Since 2011, Lakshman Achuthan of the Economic Cycle Research Institute (ECRI) has been taking a lot of heat for his controversial call that the U.S. economy would fall into a recession.
In an appearance with Bloomberg’s Tom Keene last November, Achuthan clarified that based on the four official recession indicators considered by the NBER — the folks who date recession — the U.S. fell into recession in July 2012. He also said we would know that the U.S. fell into recession by the end of 2012.
Since then, the ECRI head had been off the radar.
Today, Achuthan emailed to Business Insider a brand new presentation titled “The U.S. Business Cycle in the Context of the Yo-Yo Years.” “Yo-Yo Years” was a concept he introduced in March 2012. (Download it here.)
In 17 pages, Achuthan makes his best effort to defend his recession call.
He begins by looking at what gross domestic product (GDP) and gross domestic income (GDI) are telling us. First, GDP:As it happened, in January 2013 there was a negative GDP print, consistent with our belief that the recession had begun around mid-2012.
Here we have a chart of year-over-year nominal GDP growth which, after last week’s revision of real GDP growth from -0.1% to 0.1%, is still down to 3.5%.
This chart begins in the early 1980s. Based on the full 65 years of historical data, nominal GDP growth below 3.7%, which is marked off by the horizontal line, has always occurred in a recessionary context – without exception.
This chart is consistent with a mild recession. Yet, we have all heard lots of commentary that we’re in a “2% economy” – not that great, but as long as the economy stayed above recessionary stall speed it would be OK.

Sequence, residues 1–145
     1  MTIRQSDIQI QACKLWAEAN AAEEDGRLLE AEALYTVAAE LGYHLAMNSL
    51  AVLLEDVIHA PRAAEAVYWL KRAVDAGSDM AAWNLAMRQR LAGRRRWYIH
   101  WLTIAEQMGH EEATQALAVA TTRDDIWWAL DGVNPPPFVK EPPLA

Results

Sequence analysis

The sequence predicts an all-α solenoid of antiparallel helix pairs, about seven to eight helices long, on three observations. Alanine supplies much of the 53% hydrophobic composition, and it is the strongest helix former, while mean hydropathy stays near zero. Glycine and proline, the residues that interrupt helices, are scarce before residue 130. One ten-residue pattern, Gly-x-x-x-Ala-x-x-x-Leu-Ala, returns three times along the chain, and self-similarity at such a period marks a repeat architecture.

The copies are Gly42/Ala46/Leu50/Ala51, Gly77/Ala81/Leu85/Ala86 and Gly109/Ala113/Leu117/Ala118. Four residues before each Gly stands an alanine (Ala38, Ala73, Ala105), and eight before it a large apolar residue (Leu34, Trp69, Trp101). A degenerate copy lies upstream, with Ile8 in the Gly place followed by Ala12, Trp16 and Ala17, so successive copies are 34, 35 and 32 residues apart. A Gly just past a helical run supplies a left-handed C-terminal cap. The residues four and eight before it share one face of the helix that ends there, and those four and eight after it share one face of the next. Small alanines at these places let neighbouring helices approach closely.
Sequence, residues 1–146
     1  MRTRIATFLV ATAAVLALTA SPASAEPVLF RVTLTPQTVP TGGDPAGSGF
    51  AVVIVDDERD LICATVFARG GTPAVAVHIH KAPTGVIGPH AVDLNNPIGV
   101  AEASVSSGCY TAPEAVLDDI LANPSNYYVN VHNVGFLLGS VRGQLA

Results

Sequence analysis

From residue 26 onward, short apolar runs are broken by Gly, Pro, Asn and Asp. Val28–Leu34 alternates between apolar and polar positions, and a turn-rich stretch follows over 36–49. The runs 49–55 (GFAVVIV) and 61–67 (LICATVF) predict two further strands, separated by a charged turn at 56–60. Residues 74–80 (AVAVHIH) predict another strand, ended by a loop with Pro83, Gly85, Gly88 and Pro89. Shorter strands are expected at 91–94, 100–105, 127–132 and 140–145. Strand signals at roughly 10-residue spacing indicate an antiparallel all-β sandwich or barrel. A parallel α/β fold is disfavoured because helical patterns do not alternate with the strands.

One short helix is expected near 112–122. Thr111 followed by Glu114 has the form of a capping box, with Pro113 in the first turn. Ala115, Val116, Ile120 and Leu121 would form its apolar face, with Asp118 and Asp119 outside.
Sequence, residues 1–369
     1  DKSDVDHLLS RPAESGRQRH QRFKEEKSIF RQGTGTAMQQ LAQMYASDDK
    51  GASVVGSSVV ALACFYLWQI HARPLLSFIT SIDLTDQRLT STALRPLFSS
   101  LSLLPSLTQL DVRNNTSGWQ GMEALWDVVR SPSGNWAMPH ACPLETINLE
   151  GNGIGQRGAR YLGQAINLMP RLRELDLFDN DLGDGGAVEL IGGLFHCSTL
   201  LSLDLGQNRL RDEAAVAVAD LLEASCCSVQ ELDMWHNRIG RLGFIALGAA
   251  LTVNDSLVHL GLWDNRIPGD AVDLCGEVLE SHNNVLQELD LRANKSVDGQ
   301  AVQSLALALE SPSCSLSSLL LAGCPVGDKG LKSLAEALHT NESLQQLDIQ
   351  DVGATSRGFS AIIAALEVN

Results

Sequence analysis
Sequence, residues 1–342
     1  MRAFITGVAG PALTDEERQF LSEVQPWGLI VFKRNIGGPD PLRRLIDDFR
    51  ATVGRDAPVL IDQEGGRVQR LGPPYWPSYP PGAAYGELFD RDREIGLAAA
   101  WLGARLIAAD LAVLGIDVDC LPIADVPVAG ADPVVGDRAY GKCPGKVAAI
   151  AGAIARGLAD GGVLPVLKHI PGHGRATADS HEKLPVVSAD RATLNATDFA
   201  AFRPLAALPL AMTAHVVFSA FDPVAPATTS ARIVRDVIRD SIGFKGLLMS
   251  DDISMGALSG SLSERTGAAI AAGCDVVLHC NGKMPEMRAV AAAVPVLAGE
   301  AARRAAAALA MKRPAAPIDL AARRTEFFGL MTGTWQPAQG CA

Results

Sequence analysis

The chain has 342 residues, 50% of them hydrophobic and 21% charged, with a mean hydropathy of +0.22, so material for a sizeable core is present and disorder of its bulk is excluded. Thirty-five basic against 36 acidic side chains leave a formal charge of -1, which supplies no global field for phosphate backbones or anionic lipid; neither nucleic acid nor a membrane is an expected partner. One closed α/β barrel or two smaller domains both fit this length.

Photo: Economic Cycle Research Institute
And then he considers GDI:About two years ago the Federal Reserve Board published a study that investigated various stall-speed measures, including GDP and Gross Domestic Income (GDI), which should theoretically be identical to GDP but for the statistical discrepancy.
The Fed study concluded that the best stall-speed measure may be the two-quarter annualized growth rate of real GDI, and when that measure fell below 2% it was a recession signal, because the economy would stall out.
Here is a historical chart of the two-quarter annualized per cent change in GDI, with a horizontal line placed at the Fed’s 2% stall- speed threshold. You can see why they believe that historically that has been a fairly reliable recession signal, because it has never dropped clearly below that threshold without there being a recession.
It is not unusual to see this measure drop below the 2% stall speed, pop up briefly, and then fall back as recession begins. So where were we in 2012?
All the way to the right of this 65-year chart we see this measure decline in the second quarter of 2012 to 1.5%, below the stall-speed threshold. And in the third quarter of 2012 it dropped further to 0.4%. So by last summer it had already spent two quarters below stall speed.
You may recall that in the run-up to last fall’s election, the jobless rate was falling so rapidly that some even questioned how real the decline was. But in light of the Fed’s stall-speed measure, their pledge last year of ongoing quantitative easing makes more sense.
While we have yet to hear any of the official agencies declare that the U.S. is indeed in recession, Achuthan continues to be convinced that the numbers speak for themselves.
“So that is the evidence from GDP and GDI, and you can begin to draw your own conclusions about the U.S. economy and if it is in recession,” said Achuthan.
“But what about the other key coincident indicators?”
He warns that the four official recession indicators are impacted by temporary distortions. Considering that, he believes July was a high point for three of the measures.
When you look at housing in absolute terms, it's clear that housing plays a small role in the economy.
Also, the market prices of exchange-traded assets are misleading indicators because they can be skew by monetary policy.
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